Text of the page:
China, Venezuela Defense Deals May Be on Horizon
By Wendell Minnick
TAIPEI — The late-September visit of Venezuelan President Hugo Chávez to China has raised the prospect of an agreement that would allow China’s military to use Venezuelan ports and airbases.
This would be the latest overture by Chávez to a nation seen as a potential U.S. enemy, a list that includes China, Cuba, Iran and Russia. In 2004 and 2005, Chávez began reducing U.S. weapon buys and cooperation and turned instead to China and Russia for arms and training.
Chávez described himself as a “Maoist” during his recent trip to China, his fifth. During the visit, China agreed to invest more in Venezuela’s oil industry and deliver 24 Hongdu K-8 trainers in 2009.
China has been pitching its Harbin Z-9 helicopter and the Chengdu J-10 Vigorous Dragon and Chengdu FC-1 Fierce Dragon fighters to Venezuela, based on Chinese-language news reports out of China.
In May 2006, the U.S. State Department established an arms embargo against Venezuela, which has since managed to buy arms only from China, Iran and Russia. Attempts to procure arms from France and Israel have been unsuccessful.
Venezuela has since suggested that it might sell its aging F-16s to Iran. U.S. officials have also worried that the F-16s might be provided to China, which could use them to gain intelligence about Taiwan’s F-16s.
Venezuela’s aging aircraft include 22 F16s, 16 French Mirage 50s and around 20 Canadian-built F-5 fighters; about half of these are believed to be grounded by a lack of spare parts.
In 2006, Venezuela turned to Russia for an order of 24 Sukhoi Su-30MK2 fighters, 53 Mil Mi-17V5 transport, Mi-26T and Mi-35M2 helicopters, and four Kazan Ansat light utility helicopters. The country has plans to procure Russian Ilyushin Il-76 cargo aircraft and Il-78 aerial refueling aircraft.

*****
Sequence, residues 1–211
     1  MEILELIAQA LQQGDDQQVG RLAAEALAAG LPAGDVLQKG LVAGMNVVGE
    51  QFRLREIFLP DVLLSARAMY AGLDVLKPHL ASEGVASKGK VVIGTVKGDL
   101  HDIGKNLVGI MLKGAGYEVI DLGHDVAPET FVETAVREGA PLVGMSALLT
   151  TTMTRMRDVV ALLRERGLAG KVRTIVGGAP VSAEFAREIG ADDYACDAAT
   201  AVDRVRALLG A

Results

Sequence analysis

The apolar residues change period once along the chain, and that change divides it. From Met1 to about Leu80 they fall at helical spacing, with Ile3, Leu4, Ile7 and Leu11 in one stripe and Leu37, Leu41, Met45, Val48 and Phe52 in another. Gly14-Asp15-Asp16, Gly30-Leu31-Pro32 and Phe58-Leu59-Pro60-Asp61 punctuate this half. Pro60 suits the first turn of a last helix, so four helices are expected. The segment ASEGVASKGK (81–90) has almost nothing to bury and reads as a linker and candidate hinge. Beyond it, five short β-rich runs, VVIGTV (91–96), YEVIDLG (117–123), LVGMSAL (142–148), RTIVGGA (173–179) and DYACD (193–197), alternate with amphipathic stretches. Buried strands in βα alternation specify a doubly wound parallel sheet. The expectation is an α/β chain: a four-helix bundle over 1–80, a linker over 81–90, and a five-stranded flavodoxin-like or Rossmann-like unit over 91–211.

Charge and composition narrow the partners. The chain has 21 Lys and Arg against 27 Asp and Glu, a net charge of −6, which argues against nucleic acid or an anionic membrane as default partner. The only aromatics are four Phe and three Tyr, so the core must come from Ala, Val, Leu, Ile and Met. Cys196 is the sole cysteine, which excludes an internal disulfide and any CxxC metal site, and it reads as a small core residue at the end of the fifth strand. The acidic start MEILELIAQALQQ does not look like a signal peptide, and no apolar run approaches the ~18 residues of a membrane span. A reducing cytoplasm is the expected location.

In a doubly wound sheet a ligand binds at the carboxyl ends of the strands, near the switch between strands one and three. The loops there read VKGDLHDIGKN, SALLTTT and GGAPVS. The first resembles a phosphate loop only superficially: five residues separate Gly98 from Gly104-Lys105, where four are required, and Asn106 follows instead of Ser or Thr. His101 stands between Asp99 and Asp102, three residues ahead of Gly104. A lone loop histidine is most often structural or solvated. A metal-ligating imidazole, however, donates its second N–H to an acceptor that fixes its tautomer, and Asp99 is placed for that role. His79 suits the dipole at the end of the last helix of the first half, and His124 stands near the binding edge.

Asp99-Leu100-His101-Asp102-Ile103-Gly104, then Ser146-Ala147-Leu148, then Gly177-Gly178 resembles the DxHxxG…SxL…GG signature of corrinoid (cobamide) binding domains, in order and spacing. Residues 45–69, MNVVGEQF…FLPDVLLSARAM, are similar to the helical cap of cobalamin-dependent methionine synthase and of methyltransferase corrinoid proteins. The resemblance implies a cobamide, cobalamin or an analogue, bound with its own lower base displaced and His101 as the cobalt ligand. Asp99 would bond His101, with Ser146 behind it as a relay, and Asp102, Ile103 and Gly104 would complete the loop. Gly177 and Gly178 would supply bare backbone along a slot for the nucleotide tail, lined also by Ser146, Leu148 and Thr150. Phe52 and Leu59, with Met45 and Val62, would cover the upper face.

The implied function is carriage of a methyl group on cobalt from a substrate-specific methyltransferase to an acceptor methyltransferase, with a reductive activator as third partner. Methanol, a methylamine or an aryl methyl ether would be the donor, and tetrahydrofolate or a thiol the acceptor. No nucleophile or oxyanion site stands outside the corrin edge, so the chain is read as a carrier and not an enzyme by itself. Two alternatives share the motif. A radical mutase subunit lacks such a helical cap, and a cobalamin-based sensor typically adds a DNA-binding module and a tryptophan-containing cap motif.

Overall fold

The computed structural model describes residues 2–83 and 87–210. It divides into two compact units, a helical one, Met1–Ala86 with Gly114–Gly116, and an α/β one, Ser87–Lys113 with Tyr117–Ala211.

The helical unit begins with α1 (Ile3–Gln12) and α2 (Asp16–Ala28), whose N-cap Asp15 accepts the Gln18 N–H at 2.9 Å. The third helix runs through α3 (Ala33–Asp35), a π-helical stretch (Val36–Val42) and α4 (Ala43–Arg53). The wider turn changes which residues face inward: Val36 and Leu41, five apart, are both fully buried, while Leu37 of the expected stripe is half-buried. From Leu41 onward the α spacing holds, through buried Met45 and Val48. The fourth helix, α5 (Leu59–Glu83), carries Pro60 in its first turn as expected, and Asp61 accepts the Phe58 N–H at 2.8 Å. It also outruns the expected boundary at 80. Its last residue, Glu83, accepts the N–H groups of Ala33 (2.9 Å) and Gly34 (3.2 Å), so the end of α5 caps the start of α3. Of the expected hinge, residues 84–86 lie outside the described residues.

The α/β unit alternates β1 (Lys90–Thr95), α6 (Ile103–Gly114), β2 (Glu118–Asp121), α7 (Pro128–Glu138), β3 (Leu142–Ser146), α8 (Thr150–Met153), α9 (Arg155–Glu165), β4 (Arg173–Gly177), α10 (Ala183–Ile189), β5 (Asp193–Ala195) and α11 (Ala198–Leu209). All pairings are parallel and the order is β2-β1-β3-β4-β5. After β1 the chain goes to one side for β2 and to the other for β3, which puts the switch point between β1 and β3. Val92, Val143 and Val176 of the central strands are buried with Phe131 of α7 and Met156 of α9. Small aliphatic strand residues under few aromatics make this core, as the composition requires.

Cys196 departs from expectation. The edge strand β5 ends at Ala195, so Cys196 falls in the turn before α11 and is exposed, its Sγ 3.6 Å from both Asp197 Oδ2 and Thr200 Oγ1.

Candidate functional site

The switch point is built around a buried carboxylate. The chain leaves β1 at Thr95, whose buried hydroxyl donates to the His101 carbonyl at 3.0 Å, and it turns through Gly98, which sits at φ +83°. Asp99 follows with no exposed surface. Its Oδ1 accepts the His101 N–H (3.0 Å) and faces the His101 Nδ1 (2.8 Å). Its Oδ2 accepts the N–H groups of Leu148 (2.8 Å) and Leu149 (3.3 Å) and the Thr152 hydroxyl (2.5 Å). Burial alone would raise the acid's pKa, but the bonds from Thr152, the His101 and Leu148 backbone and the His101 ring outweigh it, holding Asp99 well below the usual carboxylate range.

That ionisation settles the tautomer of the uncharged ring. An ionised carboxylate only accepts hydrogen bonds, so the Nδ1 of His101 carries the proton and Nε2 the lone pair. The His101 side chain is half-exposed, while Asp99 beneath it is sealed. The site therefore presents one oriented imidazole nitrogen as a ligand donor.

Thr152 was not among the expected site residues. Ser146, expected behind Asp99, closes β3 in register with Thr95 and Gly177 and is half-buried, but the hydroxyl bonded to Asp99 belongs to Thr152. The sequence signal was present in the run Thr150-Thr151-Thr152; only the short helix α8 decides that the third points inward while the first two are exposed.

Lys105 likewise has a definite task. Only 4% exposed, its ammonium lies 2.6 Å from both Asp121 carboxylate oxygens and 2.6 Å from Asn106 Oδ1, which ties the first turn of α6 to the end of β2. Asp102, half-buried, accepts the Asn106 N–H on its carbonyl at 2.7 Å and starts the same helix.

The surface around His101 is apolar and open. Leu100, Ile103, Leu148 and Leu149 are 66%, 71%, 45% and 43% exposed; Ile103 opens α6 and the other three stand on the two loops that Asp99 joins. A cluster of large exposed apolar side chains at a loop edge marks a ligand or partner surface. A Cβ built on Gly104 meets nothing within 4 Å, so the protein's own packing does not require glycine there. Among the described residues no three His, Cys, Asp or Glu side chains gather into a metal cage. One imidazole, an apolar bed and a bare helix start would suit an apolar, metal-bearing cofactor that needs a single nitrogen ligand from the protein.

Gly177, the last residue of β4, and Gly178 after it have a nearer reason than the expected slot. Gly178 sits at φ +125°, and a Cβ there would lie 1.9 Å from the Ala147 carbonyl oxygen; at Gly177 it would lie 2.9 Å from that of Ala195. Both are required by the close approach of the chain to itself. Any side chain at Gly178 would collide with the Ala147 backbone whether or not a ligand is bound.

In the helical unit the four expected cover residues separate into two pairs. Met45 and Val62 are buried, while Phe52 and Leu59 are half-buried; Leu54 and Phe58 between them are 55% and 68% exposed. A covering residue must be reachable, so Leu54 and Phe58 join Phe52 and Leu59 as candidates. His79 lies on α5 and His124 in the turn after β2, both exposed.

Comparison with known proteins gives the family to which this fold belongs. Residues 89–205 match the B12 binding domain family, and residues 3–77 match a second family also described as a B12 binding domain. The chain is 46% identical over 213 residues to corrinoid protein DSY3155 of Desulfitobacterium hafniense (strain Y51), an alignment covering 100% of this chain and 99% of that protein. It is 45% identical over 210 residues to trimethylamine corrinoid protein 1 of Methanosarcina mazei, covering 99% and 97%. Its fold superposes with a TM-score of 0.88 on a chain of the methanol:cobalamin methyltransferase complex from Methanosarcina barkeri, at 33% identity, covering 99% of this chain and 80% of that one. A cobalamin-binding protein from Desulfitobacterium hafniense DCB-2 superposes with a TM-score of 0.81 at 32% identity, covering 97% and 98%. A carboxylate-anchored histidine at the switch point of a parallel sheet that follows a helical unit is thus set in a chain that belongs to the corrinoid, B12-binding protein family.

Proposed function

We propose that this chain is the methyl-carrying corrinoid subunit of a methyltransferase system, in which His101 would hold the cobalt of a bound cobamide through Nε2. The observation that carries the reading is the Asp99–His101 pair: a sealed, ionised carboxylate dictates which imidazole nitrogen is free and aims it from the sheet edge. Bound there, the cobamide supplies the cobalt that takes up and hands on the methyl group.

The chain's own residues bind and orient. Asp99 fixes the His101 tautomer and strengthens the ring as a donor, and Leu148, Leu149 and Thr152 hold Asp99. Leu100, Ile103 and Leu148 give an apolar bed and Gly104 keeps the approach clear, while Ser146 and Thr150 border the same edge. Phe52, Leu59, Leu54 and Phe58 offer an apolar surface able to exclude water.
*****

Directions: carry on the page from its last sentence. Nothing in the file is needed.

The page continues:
Few see a threat to U.S. interests in the growing military relationship between China and Venezuela.
“Chávez is obviously anxious to tweak and needle the U.S. as much as he can, especially for the remainder of time Bush is in office,” said Michael Shifter, vice president for policy and director of the Andean program at the Washington-based Inter-American Dialogue.
Shifter said China will likely move cautiously.
“The last thing China wants to do is to antagonize or alienate the U.S. by getting too close to Venezuela, a U.S. adversary,” he said. “Oil deals are one thing, and even training programs, which are largely symbolic, but anything that the U.S. defense community would see as threatening might have ramifications that the Chinese would want to avoid. I doubt that whatever agreement is reached in Beijing will end up having real strategic significance for the U.S.” Any sort of announcement of a “strategic partnership” is unlikely to be substantive.
“Chinese love to pronounce these with just about everyone, but they are not ‘strategic’ in the classic sense of the term,” said Ralph Cossa, president of the Pacific Forum at the Center for Strategic and International Studies.
Yet he said such an agreement “would have powerful symbolic influence.”
“The one big risk for the Chinese is the temptation it will provide for the U.S. [presidential] candidates to overreact and say things about Chinese encroachment, China threat, etc., thus setting a potentially negative tone regarding U.S.-China relations which has thus far generally been avoided in the campaign, other than the outsourcing issue,” Cossa said.
Michael Yahuda, a professor at the London School of Economics, saw the deal as broadly significant.
“Venezuela is not only a source for oil, but it has also become an important player in Latin American politics as a fomenter of anti-American radicalism,” Yahuda said.
“It fits in neatly to China’s omni-directional diplomacy, enabling the Chinese to have good relations with all sides in Latin America, while also showing that China is not leaning towards America despite its refusal to side with Russia over Georgia.”
“Bottom line is: Chávez has more to gain politically and emotionally from jabbing a stick in Washington’s eye than [Chinese President] Hu Jintao does,” Cossa said. “Before the Chinese play along for the mere fun of it and give him too much of a bully pulpit, Beijing should ask itself if this is really a good time to [anger] Washington, in the middle of a presidential campaign, etc.”